Zombies of Mora Tau was one of producer Sam Katzman’s 1950s low-budget science fiction/horror flicks, included in Sony’s four-movie Icons of Horror Sam Katzman Collection.
Jan Peters (Autumn Russell) arrives at her great-grandmother’s house in Africa and something very strange happens on the drive there. Her great-grandmother’s chauffeur hits a man on the road and just drives on as if nothing had happened. He assures Jan that she is not to worry because it was not a man that the car hit. She remembers stories of zombies from her childhood but surely no-one believes such stories in the 1950s. It is obvious however that her great-grandmother most certainly does believe in zombies.
She discovers that a miscellaneous collection of adventurers and rough-necks are nearby, searching for a fabled treasure lost off the coast of Africa in the late 19th century. Her great-grandmother clearly knows a good deal about the story. In the past half-century half a dozen expeditions have tried to find the famous diamonds that went down with the Susan B in 1894. They are all buried in a nearby graveyard.
George Harrison (Joel Ashley) has no patience with legends of zombies. He aims to get those diamonds. Dr Jonathan Egger (Morris Ankrum) is accompanying his expedition, but for scientific reasons rather than greed. Handsome young deep-sea diver Jeff Clark (Gregg Palmer) shares Harrison’s interest in the diamonds. When a member of the crew of Harrison’s ship falls victim to a zombie Jeff starts to have his doubts about the wisdom of the whole undertaking but he puts those doubts aside when Harrison offers him a bigger cut of the loot.
It soon becomes apparent that the zombies are all too real and that the chances of getting those diamonds and getting out alive are not very promising. Jan’s great-grandmother tries to persuade the greed-obsessed adventurers that the diamonds are the reason for the existence of the zombies and that only by destroying the diamonds can the zombies find eternal peace. The zombies are of course the original crewmen of the Susan B and the various men who have since tried to claim the diamond treasure from its watery resting place a hundred feet beneath the sea.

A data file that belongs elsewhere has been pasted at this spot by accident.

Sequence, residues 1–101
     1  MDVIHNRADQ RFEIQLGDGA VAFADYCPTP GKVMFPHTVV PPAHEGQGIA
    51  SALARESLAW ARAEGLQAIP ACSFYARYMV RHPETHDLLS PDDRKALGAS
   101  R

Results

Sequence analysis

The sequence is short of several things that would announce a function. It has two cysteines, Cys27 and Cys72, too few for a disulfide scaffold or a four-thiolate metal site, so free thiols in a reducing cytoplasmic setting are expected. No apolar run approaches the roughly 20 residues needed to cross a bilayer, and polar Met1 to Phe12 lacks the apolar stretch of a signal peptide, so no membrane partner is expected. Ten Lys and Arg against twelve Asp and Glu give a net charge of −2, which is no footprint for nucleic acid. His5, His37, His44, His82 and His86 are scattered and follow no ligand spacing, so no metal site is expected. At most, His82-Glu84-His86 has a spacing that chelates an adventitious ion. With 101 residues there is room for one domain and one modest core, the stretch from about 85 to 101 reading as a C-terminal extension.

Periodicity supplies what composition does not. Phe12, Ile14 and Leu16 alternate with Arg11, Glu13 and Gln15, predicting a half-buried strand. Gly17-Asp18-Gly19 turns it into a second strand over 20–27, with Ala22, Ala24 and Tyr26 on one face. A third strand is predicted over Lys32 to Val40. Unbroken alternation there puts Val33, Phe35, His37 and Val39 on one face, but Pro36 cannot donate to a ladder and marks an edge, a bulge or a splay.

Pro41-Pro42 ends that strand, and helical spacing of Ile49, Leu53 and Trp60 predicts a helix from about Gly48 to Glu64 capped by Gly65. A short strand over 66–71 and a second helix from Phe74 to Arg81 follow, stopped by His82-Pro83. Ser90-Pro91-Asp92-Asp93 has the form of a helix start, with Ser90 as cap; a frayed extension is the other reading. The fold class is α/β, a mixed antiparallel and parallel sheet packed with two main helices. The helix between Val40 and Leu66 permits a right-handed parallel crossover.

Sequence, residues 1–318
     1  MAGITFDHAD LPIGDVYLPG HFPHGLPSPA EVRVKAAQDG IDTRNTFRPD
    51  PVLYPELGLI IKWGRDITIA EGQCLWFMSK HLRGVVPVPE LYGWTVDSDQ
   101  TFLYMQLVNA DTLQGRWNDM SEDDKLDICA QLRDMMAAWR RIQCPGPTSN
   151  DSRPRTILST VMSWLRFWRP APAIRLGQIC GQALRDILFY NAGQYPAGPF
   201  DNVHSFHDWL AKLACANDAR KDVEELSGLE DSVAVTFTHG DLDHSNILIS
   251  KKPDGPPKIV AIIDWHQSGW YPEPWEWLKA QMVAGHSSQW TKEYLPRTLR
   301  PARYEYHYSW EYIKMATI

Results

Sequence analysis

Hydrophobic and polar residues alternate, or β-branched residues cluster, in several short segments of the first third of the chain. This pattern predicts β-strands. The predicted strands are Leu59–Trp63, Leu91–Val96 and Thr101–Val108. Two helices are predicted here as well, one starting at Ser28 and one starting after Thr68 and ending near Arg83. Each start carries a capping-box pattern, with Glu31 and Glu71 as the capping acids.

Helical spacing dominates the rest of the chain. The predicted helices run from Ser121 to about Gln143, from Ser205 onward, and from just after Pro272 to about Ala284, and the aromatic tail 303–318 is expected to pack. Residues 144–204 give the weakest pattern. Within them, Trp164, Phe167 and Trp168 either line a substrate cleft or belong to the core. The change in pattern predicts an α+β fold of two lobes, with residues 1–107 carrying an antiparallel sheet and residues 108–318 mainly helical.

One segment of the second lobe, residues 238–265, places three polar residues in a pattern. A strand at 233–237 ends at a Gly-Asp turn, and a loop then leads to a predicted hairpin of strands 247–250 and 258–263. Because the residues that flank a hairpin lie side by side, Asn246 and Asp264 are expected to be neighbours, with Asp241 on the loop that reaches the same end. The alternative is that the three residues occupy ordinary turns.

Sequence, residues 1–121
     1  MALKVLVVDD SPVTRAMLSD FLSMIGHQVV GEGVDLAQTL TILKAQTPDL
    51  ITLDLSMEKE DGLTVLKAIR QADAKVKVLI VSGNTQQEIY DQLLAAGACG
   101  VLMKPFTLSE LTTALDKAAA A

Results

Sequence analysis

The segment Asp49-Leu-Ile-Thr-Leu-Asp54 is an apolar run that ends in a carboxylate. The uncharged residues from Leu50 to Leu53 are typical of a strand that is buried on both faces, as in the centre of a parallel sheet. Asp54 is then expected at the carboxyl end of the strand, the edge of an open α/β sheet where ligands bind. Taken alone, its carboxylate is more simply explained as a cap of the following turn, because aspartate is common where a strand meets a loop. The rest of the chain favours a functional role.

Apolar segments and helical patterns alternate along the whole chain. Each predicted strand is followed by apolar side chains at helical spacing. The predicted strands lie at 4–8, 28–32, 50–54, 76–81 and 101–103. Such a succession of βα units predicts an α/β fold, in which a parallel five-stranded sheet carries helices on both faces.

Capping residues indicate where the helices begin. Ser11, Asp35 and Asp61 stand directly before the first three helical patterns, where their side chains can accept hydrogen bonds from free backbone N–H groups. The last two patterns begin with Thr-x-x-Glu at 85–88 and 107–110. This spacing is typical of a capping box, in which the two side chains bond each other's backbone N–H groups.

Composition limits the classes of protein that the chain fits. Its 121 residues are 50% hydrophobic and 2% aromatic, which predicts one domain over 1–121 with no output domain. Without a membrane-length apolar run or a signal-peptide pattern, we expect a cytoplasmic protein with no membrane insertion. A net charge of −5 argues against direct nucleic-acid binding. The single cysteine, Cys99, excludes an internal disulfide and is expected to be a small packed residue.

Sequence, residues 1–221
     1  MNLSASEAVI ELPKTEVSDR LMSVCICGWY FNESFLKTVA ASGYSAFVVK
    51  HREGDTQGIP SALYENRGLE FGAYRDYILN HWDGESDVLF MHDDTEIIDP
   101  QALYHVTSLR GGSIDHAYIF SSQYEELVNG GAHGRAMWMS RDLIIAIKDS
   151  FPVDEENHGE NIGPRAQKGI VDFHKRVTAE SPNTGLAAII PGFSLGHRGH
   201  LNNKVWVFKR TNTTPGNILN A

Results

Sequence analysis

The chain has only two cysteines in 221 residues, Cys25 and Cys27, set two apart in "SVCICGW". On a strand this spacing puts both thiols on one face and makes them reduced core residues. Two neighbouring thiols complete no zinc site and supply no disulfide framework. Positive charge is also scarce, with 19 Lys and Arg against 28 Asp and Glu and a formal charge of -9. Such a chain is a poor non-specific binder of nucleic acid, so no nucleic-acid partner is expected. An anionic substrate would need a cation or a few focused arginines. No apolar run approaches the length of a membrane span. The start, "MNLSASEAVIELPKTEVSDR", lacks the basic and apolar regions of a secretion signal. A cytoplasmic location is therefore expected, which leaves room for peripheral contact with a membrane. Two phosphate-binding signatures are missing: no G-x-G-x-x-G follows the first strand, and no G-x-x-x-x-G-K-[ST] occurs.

This is a distinctly low-budget affair so don’t expect elaborate special effects or zombie makeup. In spite of this the zombies still manage to be fairly frightening. They don’t look particularly horrific but they just keep coming after you and nothing can stop them.
The diving scenes, surprisingly, are very well done and pretty convincing. And pretty exciting as well.
The acting is better than you generally get in such a low-rent feature. Gregg Palmer is a likeable hero and while Autumn Russell is a little insipid at times she’s an acceptable heroine. Allison Hayes has some fun as Harrison’s hardboiled wife. Marjorie Eaton is perfect as the great-grandmother who knows all the secrets.
The most common failing of the cheap sci-fi and horror movies of the 50s is poor pacing but Zombies of Mora Tau does not share that flaw. The action movies along in a very satisfying manner and the script does not get bogged down in unnecessary romantic sub-plots. There’s nothing startlingly original in the story but it hangs together and it offers a reasonably plausible explanation for the events. Plausible, so long as one admits the existence of voodoo and zombies.
Despite the low budget this movie is generally well-crafted. This is a movie that is enjoyably schlocky without Ed Wood-style incompetence.
The 16x9 enhanced transfer looks terrific. The four movies in the set are spread over two discs with (surprisingly) a few extras as well. Sony have done a fine job with this release.
Zombies of Mora Tau is just creepy enough to be more than just a so-bad-it’s-good movie but just silly enough to be great fun. It is in other words ideal entertainment for anyone who loves science fiction or horror B-movies. Thoroughly enjoyable and highly recommended.